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    By Jack Travis

    New Orleans 08/29 2005 Monday

    Haiti 01/12 2010 Tuesday

    Chile 02/27 2010 Saturday

    “…Now that you’ve realized the prides arrived We got to pump the stuff to make us tough from the heart It’s a start, a work of art To revolutionize make a change nothin’s strange People, people we are the same No we’re not the same Cause we don’t know the game What we need is awareness, we can’t get careless You say what is this? My beloved lets get down to business Mental self defensive fitness (Yo) bum rush the show You gotta go for what you know Make everybody see, in order to fight the powers that be Lemme hear you say… Fight the Power”  -Public Enemy Lyrics from “Fight To Power”

    “…As I thought about tonight, and the honor and responsibility associated with being your speaker I struggled with the need to be relevant because of the profound regard I have for your profession. I decided there were three critical issues, that have very synergistic relationship to each other;

    - Your role in the development and evolution of public policy

    - And the need for a Black Aesthetic

    - How do you get paid?

    Over 2000 years ago Aristotle told us the “CITY IS THE SOUL OF A PEOPLE WRITTEN LARGE”

    Now you may be sitting here wondering, “What this has to do with You” My answer is everything. Cities are not accidents they are conscious creations of humankind.

    Because if the above mentioned is the case, who then is the priest that would minister to this soul? The answer is the architect. The history of architecture is the record of humankind’s march to civilization…”

    It was with great passion and a strive towards assistance to those truly in need that I felt most of the black architects I know and corresponded with in the wake of the earthquake that shook Haiti in the morning hours and afterwards on January 20th this year, 2010. Many of the e-mail messages across the web spoke to the need for the black architects to respond in some unified and dignified effort.

    I immediately began to think of New Orleans and how hurricane Katrina hit that city on the morning of August 29, 2005. There was a similar call to action via the web for “us” to unite in dignity and aid with little or no discussion of benefit, profit or personal gain. But what happened in New Orleans It is probably a very sobering study that we should revisit so that we will have a better understanding of what it will take to achieve a strong effort in the wake of the Haiti challenge.

    Sadly, I must admit, these are questions that I have pondered over and over and the answers of past achievement and potential on the horizon for our “ableness” of cause as a black coalition are bleak ones at best.

    Efforts during catastrophic situations involving loss of lives and property on a scale such as a hurricane or earthquake require those who truly wish to make a difference possess the resources, the power of utility, equipment, empowerment and experience with dealing in similar situations. Part of that experience requires that several contractors or agents have pooled resources or exist on “no bid” contract lists due to proven track records of performance and are thus easily and quickly mobilized.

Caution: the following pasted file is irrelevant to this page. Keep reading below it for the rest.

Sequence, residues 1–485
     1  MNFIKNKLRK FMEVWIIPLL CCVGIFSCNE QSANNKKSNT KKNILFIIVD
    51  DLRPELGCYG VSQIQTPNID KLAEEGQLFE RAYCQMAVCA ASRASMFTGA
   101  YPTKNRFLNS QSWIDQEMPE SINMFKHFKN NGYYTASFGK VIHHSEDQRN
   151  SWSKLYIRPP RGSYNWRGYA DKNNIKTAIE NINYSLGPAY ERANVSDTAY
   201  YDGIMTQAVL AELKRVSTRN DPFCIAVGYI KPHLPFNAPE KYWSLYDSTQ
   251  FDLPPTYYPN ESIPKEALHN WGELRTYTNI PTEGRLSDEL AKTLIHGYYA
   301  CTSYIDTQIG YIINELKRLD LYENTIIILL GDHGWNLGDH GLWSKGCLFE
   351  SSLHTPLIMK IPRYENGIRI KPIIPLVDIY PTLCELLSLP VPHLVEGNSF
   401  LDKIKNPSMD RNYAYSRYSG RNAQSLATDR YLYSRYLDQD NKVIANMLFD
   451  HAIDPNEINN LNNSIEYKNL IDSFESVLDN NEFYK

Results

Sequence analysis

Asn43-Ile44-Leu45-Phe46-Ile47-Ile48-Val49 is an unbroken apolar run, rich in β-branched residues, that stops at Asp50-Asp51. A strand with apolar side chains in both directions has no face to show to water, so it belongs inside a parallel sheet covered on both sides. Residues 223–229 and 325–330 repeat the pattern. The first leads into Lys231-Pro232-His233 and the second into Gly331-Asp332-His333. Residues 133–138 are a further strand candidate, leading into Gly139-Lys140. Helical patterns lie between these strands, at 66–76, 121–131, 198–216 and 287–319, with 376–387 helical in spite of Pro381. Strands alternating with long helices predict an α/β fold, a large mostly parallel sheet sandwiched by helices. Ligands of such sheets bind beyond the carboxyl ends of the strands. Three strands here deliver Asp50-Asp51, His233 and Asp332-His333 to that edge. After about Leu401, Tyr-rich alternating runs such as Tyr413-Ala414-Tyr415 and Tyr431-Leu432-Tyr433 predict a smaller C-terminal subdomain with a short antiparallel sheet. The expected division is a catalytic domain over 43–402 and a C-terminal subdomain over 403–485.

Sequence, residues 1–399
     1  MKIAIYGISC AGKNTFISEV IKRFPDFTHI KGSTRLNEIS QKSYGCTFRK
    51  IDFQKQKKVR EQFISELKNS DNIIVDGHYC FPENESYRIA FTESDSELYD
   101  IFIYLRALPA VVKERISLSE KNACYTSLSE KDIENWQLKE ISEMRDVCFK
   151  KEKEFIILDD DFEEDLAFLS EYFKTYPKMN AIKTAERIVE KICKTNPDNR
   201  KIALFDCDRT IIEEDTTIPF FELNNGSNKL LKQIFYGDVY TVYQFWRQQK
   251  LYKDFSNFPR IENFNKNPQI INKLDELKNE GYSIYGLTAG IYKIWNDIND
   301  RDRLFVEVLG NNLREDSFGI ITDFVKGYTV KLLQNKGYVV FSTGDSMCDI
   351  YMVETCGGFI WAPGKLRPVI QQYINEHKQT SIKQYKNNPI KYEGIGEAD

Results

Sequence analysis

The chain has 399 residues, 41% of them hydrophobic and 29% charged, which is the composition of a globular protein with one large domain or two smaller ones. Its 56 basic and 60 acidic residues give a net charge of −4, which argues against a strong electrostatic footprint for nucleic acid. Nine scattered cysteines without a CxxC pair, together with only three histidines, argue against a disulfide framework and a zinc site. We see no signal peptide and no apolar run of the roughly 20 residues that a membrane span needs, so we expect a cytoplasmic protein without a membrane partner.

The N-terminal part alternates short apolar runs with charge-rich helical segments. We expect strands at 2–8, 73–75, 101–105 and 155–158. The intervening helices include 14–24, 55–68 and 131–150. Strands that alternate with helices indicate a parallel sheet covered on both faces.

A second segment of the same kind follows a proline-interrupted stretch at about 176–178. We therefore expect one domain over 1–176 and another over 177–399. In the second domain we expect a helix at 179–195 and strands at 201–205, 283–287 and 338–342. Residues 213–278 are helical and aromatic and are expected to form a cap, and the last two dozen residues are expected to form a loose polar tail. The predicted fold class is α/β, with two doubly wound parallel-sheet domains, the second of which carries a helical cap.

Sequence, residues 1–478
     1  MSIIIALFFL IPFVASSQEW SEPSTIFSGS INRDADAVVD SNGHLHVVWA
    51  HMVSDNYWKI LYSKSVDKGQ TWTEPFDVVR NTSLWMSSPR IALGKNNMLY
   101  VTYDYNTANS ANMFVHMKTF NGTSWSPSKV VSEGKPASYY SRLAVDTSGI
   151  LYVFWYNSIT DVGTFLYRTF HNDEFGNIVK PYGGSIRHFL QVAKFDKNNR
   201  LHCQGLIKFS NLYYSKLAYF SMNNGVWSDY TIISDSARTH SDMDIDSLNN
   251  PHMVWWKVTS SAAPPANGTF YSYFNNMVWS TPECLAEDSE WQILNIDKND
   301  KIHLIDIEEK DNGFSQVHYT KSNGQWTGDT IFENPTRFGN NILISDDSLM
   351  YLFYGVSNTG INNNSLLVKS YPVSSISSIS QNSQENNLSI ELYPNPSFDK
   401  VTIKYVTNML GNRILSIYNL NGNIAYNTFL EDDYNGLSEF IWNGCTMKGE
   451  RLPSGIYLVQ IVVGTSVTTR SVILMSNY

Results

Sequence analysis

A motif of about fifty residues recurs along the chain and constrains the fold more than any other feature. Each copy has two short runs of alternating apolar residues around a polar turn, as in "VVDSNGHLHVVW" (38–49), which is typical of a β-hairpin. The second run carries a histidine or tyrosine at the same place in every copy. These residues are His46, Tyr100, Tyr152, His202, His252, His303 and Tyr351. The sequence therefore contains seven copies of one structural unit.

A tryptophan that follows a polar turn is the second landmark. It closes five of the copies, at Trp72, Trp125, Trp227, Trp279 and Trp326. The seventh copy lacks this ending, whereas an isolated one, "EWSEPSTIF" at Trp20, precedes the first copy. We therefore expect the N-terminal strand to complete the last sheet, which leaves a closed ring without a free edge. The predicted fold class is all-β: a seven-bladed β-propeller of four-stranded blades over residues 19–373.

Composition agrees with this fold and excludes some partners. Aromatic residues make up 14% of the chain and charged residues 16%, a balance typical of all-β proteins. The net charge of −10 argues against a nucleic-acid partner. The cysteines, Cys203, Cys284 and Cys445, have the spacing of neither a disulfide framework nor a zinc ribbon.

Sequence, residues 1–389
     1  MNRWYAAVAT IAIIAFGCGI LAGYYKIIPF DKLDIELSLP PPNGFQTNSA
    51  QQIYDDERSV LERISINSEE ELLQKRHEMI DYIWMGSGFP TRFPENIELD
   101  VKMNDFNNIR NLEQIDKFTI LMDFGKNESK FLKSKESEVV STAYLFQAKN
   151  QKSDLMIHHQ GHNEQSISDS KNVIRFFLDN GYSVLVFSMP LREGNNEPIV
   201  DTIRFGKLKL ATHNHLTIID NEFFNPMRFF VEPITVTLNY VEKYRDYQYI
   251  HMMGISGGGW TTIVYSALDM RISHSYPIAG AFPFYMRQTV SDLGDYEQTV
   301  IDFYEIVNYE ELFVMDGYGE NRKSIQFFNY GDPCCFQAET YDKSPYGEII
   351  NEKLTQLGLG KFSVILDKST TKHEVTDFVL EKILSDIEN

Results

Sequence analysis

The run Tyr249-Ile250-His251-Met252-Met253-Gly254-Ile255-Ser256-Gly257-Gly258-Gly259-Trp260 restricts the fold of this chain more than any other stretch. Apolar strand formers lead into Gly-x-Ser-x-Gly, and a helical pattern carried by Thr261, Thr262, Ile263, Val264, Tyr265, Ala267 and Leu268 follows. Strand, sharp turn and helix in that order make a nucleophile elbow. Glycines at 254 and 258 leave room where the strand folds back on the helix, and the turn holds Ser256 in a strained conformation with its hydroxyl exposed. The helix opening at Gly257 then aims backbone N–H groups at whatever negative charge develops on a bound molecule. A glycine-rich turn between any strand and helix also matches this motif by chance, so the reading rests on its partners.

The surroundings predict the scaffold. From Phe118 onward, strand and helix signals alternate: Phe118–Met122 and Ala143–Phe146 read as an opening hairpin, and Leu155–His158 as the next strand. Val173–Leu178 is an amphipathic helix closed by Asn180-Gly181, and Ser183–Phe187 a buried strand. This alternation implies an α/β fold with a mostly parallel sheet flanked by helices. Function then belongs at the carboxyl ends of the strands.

In all of the above categories, the existing and proven track records for work of this nature and under these circumstances seem slight if not altogether non-existent for the “black architect” when we present ourselves as such or as part of a group, as an association or consortium of such.

    Of the black architects and firms in the US, precious few got work in New Orleans and even fewer got work in the rest of the Gulf region. None of those getting work (as far as I can ascertain) got work as a part of a black professional group or consortium reaching out in tandem to the powers that be.


    The National Organization of Minority Architects (NOMA) – overwhelmingly a black organization comprising largely both U.S. and Caribbean members- is arguably the largest and most prestigious group of black environmental design professionals worldwide. In 2007, its president, James R. Washington, Jr. along with his partner Lonnie Hewitt, temporarily lost their office which is located in downtown New Orleans. Despite direct involvement and affect due to the aftermath of hurricane Katrina, Even with a “native son” at the helm, NOMA found itself ultimately left out of any significant role in the rebuilding plans for that city. During the first six to twelve months , Mr. Washington,  Mr. Hewitt and I made substantial attempts to connect our organization with several groups already mobilized and connected to bureaucratic decision makers such as Andres Duany and the American Institute of Architects (AIA -both National and Local Chapters).